Five Japanese doctors set up Sun Clinic, the capital’s latest high-tech health facility

Yoshimori Araki MD, PhD specialises in orthopedics
Yoshimori Araki MD, PhD specialises in orthopedics. Moeun Nhean

Five Japanese doctors set up Sun Clinic, the capital’s latest high-tech health facility

A group of five Japanese doctors with different specialisations started up a practice at Sun International Clinic along Monireth Boulevard in Phnom Penh in April.

Their skills can greatly improve the standard of medical treatment in Phnom Penh and will also increase the quality of life for many Cambodian patients, who no longer have to travel overseas for treatment.

Besides the five Japanese doctors, the polyclinic employs Japanese and Cambodian nurses and one Cambodian doctor.

“All Japanese doctors at Sun Clinic are talented, with many years of experience as well as strong reputations in their professions,” Son Simrong, marketing manager of the clinic said. “Also, about 80 per cent of the medicine are from Japan, the other 20 per cent from Europe.”

The clinic also uses state-of-the-art medical technology.

“The medical equipment used at Sun Clinic is new and very expensive, but also the most accurate for diagnostics.” Simrong said.

“Our X-ray machine here, for example, simultaneously sends the data to a hospital in Japan, so the doctors in Japan also help in the diagnosis with our doctors at Sun Clinic,” Simrong said. “If the diagnosis from the different hospitals is not the same, the doctors will confer until an agreement is reached.”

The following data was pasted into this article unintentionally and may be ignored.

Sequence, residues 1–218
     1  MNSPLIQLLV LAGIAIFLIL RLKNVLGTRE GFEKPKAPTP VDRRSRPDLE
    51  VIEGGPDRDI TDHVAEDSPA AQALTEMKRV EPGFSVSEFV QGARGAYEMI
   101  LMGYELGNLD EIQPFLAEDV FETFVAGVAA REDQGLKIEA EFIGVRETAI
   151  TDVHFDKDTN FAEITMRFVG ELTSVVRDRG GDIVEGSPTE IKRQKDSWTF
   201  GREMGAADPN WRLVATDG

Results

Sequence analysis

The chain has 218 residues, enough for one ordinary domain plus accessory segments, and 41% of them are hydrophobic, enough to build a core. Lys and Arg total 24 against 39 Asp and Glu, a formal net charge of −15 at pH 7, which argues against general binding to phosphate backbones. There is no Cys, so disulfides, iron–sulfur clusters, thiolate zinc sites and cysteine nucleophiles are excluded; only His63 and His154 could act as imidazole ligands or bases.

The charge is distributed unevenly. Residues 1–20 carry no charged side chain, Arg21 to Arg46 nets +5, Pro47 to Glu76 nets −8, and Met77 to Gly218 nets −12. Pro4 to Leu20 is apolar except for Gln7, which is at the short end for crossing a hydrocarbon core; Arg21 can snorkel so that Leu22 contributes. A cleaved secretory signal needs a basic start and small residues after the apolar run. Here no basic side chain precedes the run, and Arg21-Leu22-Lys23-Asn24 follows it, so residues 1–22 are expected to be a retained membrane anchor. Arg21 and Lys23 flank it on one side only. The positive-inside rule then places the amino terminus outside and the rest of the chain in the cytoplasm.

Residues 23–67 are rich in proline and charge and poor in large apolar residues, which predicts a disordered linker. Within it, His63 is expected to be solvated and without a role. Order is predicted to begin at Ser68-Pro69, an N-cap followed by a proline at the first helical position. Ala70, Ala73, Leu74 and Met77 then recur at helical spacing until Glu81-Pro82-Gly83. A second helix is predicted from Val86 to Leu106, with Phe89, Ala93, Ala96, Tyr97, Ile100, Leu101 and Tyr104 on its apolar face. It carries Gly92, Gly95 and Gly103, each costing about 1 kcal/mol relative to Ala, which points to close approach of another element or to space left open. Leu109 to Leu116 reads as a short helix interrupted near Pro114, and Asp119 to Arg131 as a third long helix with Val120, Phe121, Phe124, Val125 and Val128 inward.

Simrong said that because of advanced video technology the doctors in Japan can have a face-to-face exchange in “real time”.

Yoshimori Araki MD, PhD, specialises in orthopedics and general medicine. He said that his Cambodian patients only came to the hospital when they were in serious condition.

“Our team of doctors needs time to carry out the right treatments in accordance with the standards and ethics of health science. But patients often just wish to be fixed as quickly as possible,” Araki added.

“Of course, all doctors want their patients to recover as soon as possible, but this doesn’t work outside the limits of health science.”

While excellent medical skills and equipment can greatly increase chances of recovery, they cannot work miracles.

MOST VIEWED

  • New US bill ‘is a violation of Cambodian independence’

    After a US congressmen introduced bipartisan legislation that will enact sanctions on Cambodian officials responsible for “undermining democracy” in the Kingdom, government officials and the ruling Cambodian People’s Party on Sunday said they regarded the potential action as the “violation of independence and sovereignty

  • Angkor Wat named as the top landmark for the second year

    Travel website TripAdvisor has named Cambodia’s ancient wonder Angkor Wat as the top landmark in the world for the second year running in their Travelers’ Choice Award 2018, an achievement Cambodian tourism operators expect will attract more tourists to the Kingdom. The website uses traveller

  • Ministry’s plan for net sparks fears

    The government has ordered all domestic and international internet traffic in the Kingdom to pass through a Data Management Centre (DMC) that has been newly created by the state-owned Telecom Cambodia, in a move some have claimed is an attempt to censor government critics. Spokesman

  • Hun Sen detractors ‘will die’

    Prime Minister Hun Sen on Wednesday said those who curse or insult him would eventually die without a plot of land to bury their bodies after being killed by lightning, suffering the same fate as those who recently died in Thmar Baing district in Koh